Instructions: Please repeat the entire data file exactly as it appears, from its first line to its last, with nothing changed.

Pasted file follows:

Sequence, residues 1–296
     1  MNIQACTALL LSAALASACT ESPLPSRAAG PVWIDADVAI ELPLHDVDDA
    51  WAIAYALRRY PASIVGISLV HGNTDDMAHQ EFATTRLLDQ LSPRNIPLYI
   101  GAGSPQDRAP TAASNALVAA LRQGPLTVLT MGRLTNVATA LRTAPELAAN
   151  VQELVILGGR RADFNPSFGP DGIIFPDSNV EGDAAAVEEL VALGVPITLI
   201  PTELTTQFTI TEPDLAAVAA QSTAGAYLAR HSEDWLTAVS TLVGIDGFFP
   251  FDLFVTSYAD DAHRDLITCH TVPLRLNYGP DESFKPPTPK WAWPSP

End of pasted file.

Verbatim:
Sequence, residues 1–296
     1  MNIQACTALL LSAALASACT ESPLPSRAAG PVWIDADVAI ELPLHDVDDA
    51  WAIAYALRRY PASIVGISLV HGNTDDMAHQ EFATTRLLDQ LSPRNIPLYI
   101  GAGSPQDRAP TAASNALVAA LRQGPLTVLT MGRLTNVATA LRTAPELAAN
   151  VQELVILGGR RADFNPSFGP DGIIFPDSNV EGDAAAVEEL VALGVPITLI
   201  PTELTTQFTI TEPDLAAVAA QSTAGAYLAR HSEDWLTAVS TLVGIDGFFP
   251  FDLFVTSYAD DAHRDLITCH TVPLRLNYGP DESFKPPTPK WAWPSP